For this week’s column, I had planned to run my favorite moments of the decade, but I went in a different direction instead. So here are the ten moments I was going to write about. And don’t be shy, share yours too!
10. Left 4 Dead. Everyone has a story like this. I survived the onslaught at the boathouse. I’m a few feet away from the rescue vessel that will take me away from the zombie-pocalypse, and I turn around – and there’s my buddy, Michael Abbott, pinned down by three zombies and struggling to make it to the dock. I check my ammo and weigh my options. Maybe I could get back and rescue him – maybe. Maybe we’d even both get out alive. But, eh, hell with it. I left him to die.
9. Legendary. This was not a great game, but as a corny horror experience it’s chock full of sight gags and hilarious moments where unsuspecting civilians are grabbed and eaten by horrifying hellbeasts. These gags escalate as the game goes on, leading up to my favorite: you walk into a giant cavern under the street, to see a helpless civilian calling for help – and before you can get to him, an entire city bus drops on his head. Note to studios who are making snoozer-shooters like this one: a little inspiration goes a long way.
8. Baldur’s Gate II. BioWare’s role-playing games haven’t lost their tactical depth, but as they move to a third-person perspective and a more real-time, actiony feel, I find that the nuances of combat get less and less interesting – and the battles feel less heroic. Case in point. I was leading my party of six (remember when you could have six?) through the sewers, and we ran into the vampire Bodhi – too strong for us to handle, probably, but it was too late to turn back. We fight, and Bodhi manages to paralyze every one of my characters except Nalia, a mage-thief, definitely a back-row character that I tried to keep out of harm’s way. Nalia had to face off against Bodhi in hand-to-hand combat.
They went one turn, then another, and another – and somehow, Nalia held her off and stayed alive until the rest of the party recovered and won the day. I’ll never forget her triumph against the odds. The rest of the game was well-written, but the writing couldn’t compete with that one lucky victory.
7. The Legend of Zelda: Twilight Princess. For all the guff we give the Wii for its poor line-up and underpowered hardware, everyone has their own favorite “motion sensitive controls” story. For me, I just remember the sweat. In at least two fights in Twilight Princess, the motion controls for combat – the quick swings and heavy blows, the blocking, the whole thing – not only engaged me, they exhausted me. I’ve never had a more satisfying final boss fight than in this game, or a better experience with the Wii.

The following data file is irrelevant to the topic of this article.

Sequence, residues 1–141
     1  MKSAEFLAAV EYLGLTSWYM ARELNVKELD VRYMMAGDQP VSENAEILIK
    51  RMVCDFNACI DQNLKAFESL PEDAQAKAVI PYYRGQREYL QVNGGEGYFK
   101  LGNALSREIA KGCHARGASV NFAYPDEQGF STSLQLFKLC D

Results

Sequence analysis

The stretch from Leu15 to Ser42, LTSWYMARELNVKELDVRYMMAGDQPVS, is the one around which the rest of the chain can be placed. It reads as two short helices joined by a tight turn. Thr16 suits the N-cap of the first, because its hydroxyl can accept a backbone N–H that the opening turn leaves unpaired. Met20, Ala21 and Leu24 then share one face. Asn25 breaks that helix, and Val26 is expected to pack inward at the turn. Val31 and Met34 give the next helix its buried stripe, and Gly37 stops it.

6. The Force Unleashed. Like a lot of folks who grew up with Star Wars, I enjoyed this middling action-adventure more than I expected, because it actually felt like Star Wars – a dark, troubling adventure right in the vein of The Empire Strikes Back, with a real tragedy woven into the story. Before the final act, the Apprentice character is saying goodbye to the love interest who’s been piloting him around the galaxy, and as they have a final kiss, I was sitting there preying that this game wasn’t going to end as badly as I expected, and that they would see each other again. I think I’ve told you before that I’m a total sap for this stuff, and The Force Unleashed got me good.
5. World of Warcraft. My big beef with Warcraft has always been that the streamlined gameplay tamps down emergent narratives and interesting surprises. But I still have warm memories from my first few levels in the game – including one of the first times I ran the Deadmines instance in Westfall. It was close to the holidays, and the game had started handing out snowballs that you could collect and throw at other players. Halfway through the Deadmines, my party had to stop because our gnome rogue kept rushing in and getting himself killed. So to pass the time, somebody pitched a snowball at my head and knocked me over – and I returned fire, and all of a sudden we had a full-blown fight. It was the only piece of emergent narrative I remember from the whole time I spent in that game.
4. PixelVixen707. When edit-hero Simon Carless revealed game blogger and brainysphere booster Rachael Webster not to be a real girl, but a character in an ARG? I would’ve paid whatever to see the look on his face when he solved the puzzle.
3. Fallout 3. The team behind this game is reluctant to fess up to any overt political messages or themes in the game. But whether it’s a message or not, Liberty Prime is one of the funniest pieces of Cold War satire since Dr. Strangelove. Watching him lurch to the Jefferson Memorial, blasting everything in his path while he spouts anti-Communist propaganda, brings home the game’s vision of an America that still clings to its greatness, its patriotism, and its righteousness – long, long after they’ve vanished.
2. Half-Life 2 Episode One. Alyx is the best supporting character of the decade. There’s no debate. She’s an upbeat survivor who’s grown up in hell, and nothing fazes her – except the one or two times that it does. Early in Episode One, the sight of a stalker stored in a train gives her a chance to show some of the grief and fatigue that she’s had to live with basically her whole life. Then the train flips on its side and the stalker actually comes at her, leading to a moment of panic and a quick escape – but when she gets out? She’s back to normal again, upbeat, making bad jokes and ready to tackle anything. Because that’s how she’s lived her whole life – and this scene is the first time you really understand that.
1. Portal. What the hell – what is going on? The computer is singing? It’s singing to me?! This is the greatest game ending ever!